In today's lesson, the students learn to estimate when they do not need the exact answers and to check to see if their answers are reasonable. This aligns with 4.OA.A3 because the students assess the reasonableness of answers using mental computation and estimation strategies including rounding.
To relate this lesson to their every day lives, I ask the students a question. "Is there ever a time that you may need to estimate?" I call on a few students to share their ideas about when they would need to estimate. The students came up with ideas such as guessing at the number of jellybeans in a jar or the number of students on a bus. By providing this information, the students can see how this lesson is important in their lives.
"Today, you learn to estimate greater numbers. In previous lessons we have estimated smaller numbers, but you need to know how to estimate larger numbers as well. What are some things that you may need to estimate that are large numbers?" I take a few responses from the students. Some student responses: people or cars on the street. I let the students know that it is important to understand the concept of the lesson. Therefore, we will use number lines to help us estimate. I go on to tell the students that a number line is an excellent tool to use because it gives you a visual picture of which number is closest to the number you are trying to round.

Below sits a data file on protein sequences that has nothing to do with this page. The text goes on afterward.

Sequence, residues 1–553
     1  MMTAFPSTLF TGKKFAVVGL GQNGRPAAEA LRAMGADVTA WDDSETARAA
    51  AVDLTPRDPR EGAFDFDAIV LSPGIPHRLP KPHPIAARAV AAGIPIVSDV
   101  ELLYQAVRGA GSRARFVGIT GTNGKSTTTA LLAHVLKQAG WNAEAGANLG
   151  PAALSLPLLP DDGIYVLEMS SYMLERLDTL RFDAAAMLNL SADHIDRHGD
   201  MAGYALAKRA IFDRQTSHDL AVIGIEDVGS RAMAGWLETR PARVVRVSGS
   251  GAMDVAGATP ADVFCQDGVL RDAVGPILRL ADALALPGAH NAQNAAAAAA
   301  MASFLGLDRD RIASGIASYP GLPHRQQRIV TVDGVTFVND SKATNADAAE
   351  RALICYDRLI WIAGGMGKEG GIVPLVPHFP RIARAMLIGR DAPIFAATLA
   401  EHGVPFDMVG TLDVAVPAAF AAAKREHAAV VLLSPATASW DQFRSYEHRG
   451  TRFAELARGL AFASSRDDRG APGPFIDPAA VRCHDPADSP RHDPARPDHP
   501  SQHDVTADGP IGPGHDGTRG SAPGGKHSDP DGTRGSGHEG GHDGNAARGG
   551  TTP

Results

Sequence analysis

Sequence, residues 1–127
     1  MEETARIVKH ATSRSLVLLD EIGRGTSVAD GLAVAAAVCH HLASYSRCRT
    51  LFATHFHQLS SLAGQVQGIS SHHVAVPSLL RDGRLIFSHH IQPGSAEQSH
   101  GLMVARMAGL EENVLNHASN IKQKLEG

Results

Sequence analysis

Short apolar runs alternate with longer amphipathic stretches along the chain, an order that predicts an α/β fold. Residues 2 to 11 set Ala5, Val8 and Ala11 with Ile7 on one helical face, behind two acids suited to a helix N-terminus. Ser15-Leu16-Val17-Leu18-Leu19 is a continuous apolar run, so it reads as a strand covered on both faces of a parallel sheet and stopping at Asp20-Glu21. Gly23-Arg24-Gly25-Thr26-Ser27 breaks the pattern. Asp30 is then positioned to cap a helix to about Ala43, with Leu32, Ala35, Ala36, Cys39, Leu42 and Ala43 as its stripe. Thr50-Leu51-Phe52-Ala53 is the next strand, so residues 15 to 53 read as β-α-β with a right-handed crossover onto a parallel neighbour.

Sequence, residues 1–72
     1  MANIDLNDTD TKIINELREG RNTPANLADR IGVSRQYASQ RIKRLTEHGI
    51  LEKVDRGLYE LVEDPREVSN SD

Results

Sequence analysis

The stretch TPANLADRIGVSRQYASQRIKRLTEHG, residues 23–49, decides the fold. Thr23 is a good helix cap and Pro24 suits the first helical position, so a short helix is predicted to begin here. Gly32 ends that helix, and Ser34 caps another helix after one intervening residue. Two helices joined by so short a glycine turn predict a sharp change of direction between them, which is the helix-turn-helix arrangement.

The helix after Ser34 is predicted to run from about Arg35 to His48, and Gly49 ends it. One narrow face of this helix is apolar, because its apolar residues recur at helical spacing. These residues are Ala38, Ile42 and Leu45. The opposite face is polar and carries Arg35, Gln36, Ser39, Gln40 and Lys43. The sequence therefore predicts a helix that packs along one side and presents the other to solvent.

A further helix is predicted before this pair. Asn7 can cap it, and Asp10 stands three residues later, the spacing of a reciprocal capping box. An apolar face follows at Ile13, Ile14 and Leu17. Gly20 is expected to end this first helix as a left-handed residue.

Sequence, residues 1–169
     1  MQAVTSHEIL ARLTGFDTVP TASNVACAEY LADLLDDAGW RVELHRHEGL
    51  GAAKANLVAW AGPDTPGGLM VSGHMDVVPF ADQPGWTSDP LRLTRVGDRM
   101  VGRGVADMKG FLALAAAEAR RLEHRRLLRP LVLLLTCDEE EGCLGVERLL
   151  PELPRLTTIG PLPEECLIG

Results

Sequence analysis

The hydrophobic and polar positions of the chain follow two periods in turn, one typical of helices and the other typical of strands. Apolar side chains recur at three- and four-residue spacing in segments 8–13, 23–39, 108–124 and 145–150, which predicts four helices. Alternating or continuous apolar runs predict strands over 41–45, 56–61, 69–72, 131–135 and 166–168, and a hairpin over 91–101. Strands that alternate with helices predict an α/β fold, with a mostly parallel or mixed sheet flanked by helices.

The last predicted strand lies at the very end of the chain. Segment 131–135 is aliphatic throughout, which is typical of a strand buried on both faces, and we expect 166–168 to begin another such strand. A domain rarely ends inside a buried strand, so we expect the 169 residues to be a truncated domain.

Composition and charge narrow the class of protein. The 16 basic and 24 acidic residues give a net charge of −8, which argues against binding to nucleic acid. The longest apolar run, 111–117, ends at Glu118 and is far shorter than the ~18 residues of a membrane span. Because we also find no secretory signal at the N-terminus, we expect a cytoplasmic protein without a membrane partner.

I like for my students to come to the carpet when I am teaching from my Smart board. This allows every student the ability to hear and see what is being said and done on the Smart board.
I start the lesson by discussing what the students already know about rounding. The students are all familiar with the rules of rounding. Underline the place to be rounded. If the place behind the underlined digit is 5 or more, the underlined digit goes up by 1 and everything behind it become zeros. If the place behind the underlined digit is 4 or less, the underlined digit stays the same and everything behind it become zeros.
However, for this lesson, I want the students to get a conceptual understanding of rounding. Before Common Core, I would only use the steps of rounding, but now I am aware of the importance of the students actually understanding why they do what they do.
I ask a question. "Who knows what it means to round?" One student says, "When you round to the biggest number." Another student answers, "A number that is closest to the actual answer." I let the students know that the number line can give them a visual of what rounding means.
I write 24 x 87 on the board. I draw 2 number lines on the board. I ask the students, how do we round 24. The students go back to the rules of rounding. I ask, "What 2 numbers are we deciding to round 24 to?" The students knew that the number would either be 20 or 30. I put those two numbers on the number line, one on the left end, the other on the right. Then, I explained to the students that before we put the number 24 on the number line, we need to find the halfway mark on the numberline. This will help us put the other numbers on the number line. After, we but 25 on the number line, the students were able to see where to put the number 24. Then I asked, "Is 24 closer to 20 or 30?" The students all agreed that 24 was closer to 20.